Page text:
Quantum Gas Temperature Goes Below Absolute Zero

Energy distribution of atoms in a thermal state. Positive absolute temperatures above, in blue; negative absolute temperatures below, in red. Credit: LMU/MPQ Munich

Physicists have been able to create an atomic gas that can attain a temperature below absolute zero, -273.15˚C. They were able to create this gas using negative-Kelvin materials and new quantum devices.

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Photon Devices Could Outperform Traditional Computers

Photon Devices Will Outperform Traditional Computers

Quantum computers will be able to perform tasks that silicon-based computers wouldn’t be able to do, like cracking the codes that protect bank transactions. Several research teams have revealed solid evidence that quantum physics does embody a level of complexity that classical computers could never match. The new devices these groups have built are much simpler to build than quantum computers but could some day perform some of the same tasks.

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Discovery of Magnetic Field That Can Flip Heat Flow


Scientists discovered a magnetic field that can control the flow of heat from one body to another. It was first predicted 50 years ago, and its effect could someday lead to a new generation of electronic devices that use heat rather than charge to carry information.

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Samarium Hexoboride Behaves Like a Topological Insulator


Samarium hexoboride, a compound that had been poorly understood and that can gain conducting properties at very low temperatures, may be a topological insulator in its bulk form, conducting electricity on its surface while the rest of the material behaves like an insulator.

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The Quantum Teleportation Race Goes Into Space in 2016


Three years ago, Jian-Wei Pan and his colleagues were able to quantum teleport information across 16 kilometers. This was one of the first major steps to the research team’s ultimate goal of teleporting photons to a satellite orbiting the Earth.

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Experiment Using Photons Could Detect Quantum-Scale Black Holes


A new tabletop experiment using a single photon was proposed to show whether space-time is made up of indivisible units. Space isn’t smooth, and physicists think that on the quantum scale, it is composed of indivisible subunits, like the dots of a pointillist drawing. This pixelated landscape is thought to be populated by black holes, smaller than one trillionth of one trillionth of the diameter of a hydrogen atom, which continuously pop in and out of existence.

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Truant Particles Dash Hopes of Clues to Supersymmetry from LHC

While Sherlock Holmes might have stated that the absence of any evidence is evidence itself, theoretical physicists haven’t yet been able to find any inkling to confirm supersymmetry (SUSY), a theory which predicts that every Standard-Model particle has a heavier partner. The reason why SUSY is so important is because it would be a step forward towards a grand unified theory of particles and forces.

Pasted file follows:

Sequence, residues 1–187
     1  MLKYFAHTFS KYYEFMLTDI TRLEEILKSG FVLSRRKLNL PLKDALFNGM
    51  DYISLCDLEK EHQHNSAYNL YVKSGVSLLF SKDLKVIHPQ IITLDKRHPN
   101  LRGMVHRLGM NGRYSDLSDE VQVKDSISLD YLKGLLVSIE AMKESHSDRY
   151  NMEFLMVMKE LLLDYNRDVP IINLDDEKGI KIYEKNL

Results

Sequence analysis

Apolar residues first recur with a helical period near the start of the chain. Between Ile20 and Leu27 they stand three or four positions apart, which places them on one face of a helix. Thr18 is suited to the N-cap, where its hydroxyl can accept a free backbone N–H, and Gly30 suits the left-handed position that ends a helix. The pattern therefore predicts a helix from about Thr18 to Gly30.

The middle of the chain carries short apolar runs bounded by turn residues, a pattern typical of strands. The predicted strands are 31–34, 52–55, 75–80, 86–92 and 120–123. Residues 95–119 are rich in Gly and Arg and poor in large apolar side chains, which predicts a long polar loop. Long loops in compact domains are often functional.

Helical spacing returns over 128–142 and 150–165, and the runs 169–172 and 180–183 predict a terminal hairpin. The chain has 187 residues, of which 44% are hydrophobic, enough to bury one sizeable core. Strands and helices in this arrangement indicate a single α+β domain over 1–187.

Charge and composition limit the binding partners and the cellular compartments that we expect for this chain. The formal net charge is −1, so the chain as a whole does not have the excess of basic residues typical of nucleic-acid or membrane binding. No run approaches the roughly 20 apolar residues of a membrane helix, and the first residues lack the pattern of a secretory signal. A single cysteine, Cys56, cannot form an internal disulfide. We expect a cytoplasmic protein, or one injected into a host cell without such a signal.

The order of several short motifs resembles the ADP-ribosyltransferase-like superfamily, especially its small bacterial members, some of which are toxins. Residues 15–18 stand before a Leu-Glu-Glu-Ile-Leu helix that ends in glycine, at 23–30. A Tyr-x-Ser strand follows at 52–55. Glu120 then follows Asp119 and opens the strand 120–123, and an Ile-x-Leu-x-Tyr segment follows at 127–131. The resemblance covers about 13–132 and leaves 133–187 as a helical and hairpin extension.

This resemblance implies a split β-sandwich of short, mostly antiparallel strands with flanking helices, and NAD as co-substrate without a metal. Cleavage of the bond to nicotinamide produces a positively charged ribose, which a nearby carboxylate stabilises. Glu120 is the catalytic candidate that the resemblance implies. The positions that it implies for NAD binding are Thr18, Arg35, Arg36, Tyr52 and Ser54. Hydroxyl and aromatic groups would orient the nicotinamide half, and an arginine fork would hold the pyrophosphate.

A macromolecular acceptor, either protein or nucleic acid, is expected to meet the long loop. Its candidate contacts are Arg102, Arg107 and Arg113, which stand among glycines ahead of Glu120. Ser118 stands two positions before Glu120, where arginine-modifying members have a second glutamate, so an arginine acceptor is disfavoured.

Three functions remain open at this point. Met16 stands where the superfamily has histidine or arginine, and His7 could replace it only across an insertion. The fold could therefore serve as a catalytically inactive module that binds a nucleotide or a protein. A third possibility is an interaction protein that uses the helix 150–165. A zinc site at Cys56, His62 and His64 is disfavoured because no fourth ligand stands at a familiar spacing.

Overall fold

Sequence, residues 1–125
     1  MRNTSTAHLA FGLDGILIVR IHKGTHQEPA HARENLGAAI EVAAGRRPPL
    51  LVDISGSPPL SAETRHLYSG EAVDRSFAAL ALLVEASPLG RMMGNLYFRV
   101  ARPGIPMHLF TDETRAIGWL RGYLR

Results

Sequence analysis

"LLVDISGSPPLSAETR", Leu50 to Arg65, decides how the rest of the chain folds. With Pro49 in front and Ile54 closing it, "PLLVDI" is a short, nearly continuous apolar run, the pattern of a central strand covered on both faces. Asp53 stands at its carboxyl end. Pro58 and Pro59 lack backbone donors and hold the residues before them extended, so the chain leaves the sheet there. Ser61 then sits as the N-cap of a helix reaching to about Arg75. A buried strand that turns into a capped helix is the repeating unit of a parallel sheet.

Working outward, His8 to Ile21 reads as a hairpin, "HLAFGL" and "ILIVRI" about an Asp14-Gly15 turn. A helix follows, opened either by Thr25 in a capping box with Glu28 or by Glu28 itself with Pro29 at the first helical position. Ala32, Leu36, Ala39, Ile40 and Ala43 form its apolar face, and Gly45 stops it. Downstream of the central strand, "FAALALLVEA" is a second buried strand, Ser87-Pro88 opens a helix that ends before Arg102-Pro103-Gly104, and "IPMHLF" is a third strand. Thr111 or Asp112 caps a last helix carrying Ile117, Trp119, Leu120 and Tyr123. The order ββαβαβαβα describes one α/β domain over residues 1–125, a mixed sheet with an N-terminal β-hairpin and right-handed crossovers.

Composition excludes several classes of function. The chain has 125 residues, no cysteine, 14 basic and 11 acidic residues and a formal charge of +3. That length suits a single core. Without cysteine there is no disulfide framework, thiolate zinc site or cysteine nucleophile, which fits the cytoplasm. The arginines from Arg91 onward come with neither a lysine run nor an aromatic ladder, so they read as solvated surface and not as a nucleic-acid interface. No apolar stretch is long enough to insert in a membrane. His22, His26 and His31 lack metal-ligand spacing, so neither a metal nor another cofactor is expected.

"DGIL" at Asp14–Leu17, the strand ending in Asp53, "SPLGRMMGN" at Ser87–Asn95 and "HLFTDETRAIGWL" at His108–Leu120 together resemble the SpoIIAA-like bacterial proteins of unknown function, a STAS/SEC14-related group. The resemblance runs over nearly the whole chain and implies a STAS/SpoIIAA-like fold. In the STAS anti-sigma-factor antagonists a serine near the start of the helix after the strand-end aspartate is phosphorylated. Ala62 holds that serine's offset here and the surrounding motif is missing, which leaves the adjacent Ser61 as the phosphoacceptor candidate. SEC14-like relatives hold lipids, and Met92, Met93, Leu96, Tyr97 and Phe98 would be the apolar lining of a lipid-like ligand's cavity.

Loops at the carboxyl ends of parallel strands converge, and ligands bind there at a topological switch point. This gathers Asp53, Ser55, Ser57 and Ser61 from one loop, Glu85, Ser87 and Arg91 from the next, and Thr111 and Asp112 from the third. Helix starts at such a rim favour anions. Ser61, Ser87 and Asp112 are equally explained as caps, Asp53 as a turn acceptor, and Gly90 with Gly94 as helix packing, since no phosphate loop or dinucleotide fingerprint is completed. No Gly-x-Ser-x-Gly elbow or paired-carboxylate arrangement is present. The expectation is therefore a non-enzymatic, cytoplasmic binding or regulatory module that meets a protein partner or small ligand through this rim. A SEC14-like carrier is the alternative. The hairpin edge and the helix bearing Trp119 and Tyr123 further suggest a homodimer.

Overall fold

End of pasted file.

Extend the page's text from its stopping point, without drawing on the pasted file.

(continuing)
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Photons Traverse Optical Obstacles as Both a Wave and Particle Simultaneously

Mystery of Wave-Particle Duality

A photon can act as a particle one moment, following a well-defined path like a tiny projectile, and a wave the next, overlapping with its ilk to produce interference patterns, much like a ripple on the water. Wave-particle duality is one of the key features of quantum mechanics, and it’s not easily understood in layman’s terms. New experiments show that photons not only switch from wave to particle and back again, but they can actually hold both wave and particle tendencies at the same time.

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Interpretation of Heisenberg’s Principle is Proven False


Students are taught that quantum uncertainty is always in the eye of the beholder, but that principle might have been proven false by a new experiment that measured a quantum system which doesn’t necessarily introduce uncertainty. It overthrows a common classroom explanation of quantum mechanics, but the fundamental limit of what is knowable at the smallest scales remains unchanged.

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Evidence of Elusive Majorana Fermions Raises Possibilities for Quantum Computing


It’s been reported that researchers in the Leo Kouwenhoven group, based out of the Delft University of Technology in the Netherlands, might have beaten several competing teams in solid state and high energy physics to find the elusive Majorana fermions, a mysterious quantum-mechanical particle that might have some applications in quantum computing.

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